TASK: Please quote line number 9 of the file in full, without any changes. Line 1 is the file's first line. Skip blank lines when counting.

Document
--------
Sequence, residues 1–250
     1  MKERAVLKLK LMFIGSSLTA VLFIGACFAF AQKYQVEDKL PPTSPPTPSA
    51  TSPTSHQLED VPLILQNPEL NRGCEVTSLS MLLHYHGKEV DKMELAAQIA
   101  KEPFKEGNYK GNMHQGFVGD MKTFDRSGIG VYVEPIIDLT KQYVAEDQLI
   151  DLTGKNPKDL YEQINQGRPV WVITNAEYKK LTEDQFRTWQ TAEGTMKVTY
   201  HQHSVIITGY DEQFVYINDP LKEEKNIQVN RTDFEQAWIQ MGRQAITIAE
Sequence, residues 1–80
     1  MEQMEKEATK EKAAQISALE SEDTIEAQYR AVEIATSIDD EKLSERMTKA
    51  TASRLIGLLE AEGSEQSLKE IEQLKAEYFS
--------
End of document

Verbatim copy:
    51  TASRLIGLLE AEGSEQSLKE IEQLKAEYFS